Hurricane-struck Americans spent nearly $300 million at Home Depot

Home Depot builds on housing market
Home Depot builds on housing market

There was one big winner this hurricane season: Home Depot.

Homeowners and contractors rushed into the home improvement store to storm-proof houses before Harvey, Irma and Maria. Then they raced back after the storms hit to repair blown-off roofs, shattered windows and flooded bedrooms.

Hurricane-affected customers spent $282 million in plywood, lumber, bricks, drywall, power generators and roofing material, lifting Home Depot's overall sales to $25 billion last quarter. That's an 8% increase from the same time last year, the company reported on Tuesday.

Even though revenue grew, the hurricanes took a bite out of Home Depot's profit. Several stores in the hurricane zones were forced to close stores, and they faced shortages as a result of supplier delays.

Also, profit margins on hurricane-related products are tighter than the goods the company typically sells. Plywood and lumber are competitive commodities and only have profit margins of around 20%, while the everyday items Home Depot sells like power tools and accessories can have margins upwards of 50%, explained Wedbush Securities research director Seth Basham.

Home Depot's profit still rose by nearly 11% over the prior year, but it would have been even higher without disaster expenses, estimated GlobalData Retail director Neil Saunders.

Home Depot (HD) gained 1% on Tuesday and is up nearly 25% this year. It's one of the few bright spots in a bleak retail landscape.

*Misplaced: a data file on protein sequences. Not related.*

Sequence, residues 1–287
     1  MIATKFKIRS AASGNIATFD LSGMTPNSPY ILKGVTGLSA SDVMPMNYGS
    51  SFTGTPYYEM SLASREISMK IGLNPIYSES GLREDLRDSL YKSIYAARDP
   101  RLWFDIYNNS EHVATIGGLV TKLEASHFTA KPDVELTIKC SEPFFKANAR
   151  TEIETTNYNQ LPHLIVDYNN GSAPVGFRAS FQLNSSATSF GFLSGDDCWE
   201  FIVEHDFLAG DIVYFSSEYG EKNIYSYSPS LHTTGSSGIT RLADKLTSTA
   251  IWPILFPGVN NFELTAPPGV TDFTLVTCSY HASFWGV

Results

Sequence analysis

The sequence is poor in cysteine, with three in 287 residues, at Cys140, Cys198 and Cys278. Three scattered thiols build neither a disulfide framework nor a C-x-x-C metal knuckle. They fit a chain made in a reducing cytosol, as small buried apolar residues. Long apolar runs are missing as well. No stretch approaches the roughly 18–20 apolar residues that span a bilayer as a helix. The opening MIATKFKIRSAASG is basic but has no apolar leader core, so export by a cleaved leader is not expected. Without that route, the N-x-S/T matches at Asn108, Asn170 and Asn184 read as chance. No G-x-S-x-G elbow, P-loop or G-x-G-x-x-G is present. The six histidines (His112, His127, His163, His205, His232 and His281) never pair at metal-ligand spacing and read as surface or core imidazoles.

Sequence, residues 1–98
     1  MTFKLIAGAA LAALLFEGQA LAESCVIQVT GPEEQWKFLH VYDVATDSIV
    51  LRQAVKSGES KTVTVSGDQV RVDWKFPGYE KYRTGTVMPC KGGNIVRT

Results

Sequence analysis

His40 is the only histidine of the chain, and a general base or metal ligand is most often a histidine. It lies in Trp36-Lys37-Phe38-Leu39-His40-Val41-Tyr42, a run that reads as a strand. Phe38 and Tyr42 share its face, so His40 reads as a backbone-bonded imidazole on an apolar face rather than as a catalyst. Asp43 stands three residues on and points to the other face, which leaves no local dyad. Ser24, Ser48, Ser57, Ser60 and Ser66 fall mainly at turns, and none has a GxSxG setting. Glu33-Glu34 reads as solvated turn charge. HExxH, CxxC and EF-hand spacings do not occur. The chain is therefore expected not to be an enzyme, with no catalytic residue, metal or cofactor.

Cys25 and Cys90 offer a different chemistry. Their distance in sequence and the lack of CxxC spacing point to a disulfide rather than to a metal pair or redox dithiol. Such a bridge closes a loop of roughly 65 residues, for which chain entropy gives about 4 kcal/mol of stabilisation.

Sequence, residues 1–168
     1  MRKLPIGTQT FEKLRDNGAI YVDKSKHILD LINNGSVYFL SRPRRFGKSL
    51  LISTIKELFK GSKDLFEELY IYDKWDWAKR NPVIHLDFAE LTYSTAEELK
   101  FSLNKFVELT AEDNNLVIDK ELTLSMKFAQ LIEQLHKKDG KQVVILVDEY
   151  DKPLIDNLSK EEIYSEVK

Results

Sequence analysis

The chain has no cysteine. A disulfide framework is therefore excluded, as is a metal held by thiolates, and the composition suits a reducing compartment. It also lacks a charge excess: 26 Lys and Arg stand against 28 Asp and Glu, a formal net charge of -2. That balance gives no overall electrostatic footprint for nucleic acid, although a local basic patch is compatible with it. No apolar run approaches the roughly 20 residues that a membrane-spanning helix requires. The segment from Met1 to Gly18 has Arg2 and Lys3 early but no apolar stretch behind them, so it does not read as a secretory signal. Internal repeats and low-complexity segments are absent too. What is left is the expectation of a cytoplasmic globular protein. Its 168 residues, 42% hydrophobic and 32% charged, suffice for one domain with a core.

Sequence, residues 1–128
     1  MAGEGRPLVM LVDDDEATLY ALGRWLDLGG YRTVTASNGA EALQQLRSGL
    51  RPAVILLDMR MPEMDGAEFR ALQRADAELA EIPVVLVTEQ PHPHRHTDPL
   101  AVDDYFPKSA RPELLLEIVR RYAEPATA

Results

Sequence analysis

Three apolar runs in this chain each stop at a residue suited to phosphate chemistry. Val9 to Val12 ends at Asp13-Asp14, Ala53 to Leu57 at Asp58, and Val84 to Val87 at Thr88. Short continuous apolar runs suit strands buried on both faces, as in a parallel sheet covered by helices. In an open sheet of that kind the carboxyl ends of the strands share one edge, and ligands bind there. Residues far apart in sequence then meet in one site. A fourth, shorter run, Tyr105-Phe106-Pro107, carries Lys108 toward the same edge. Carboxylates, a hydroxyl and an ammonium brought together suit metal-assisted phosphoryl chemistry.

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Both Home Depot and rival Lowe's (LOW), which has gained 10% this year, are benefiting from a strong housing recovery.

Total home sales and home prices continue to rise, boosting spending on renovations and upgrades. Home values are up 6.5% in 2017 compared to the same period last year, according to Lawrence Yun, chief economist at the National Association of Realtors.

Home Depot looks like it's Amazon- and Walmart-proof and largely immune to online shopping's disruptions to traditional retailers.

People have proven willing to go to physical stores to buy home improvement products and tools, especially contractors and builders.

"The home improvement sector continues to paint a better outlook as it sidesteps broader retail woes," said Moody's Vice President Bill Fahy.

Home Depot is in position to gain from other retailers' struggles.

For example, as Sears continues to lose its stronghold on appliances, tools and outdoor products, Home Depot could be the main beneficiary, predicts Saunders.

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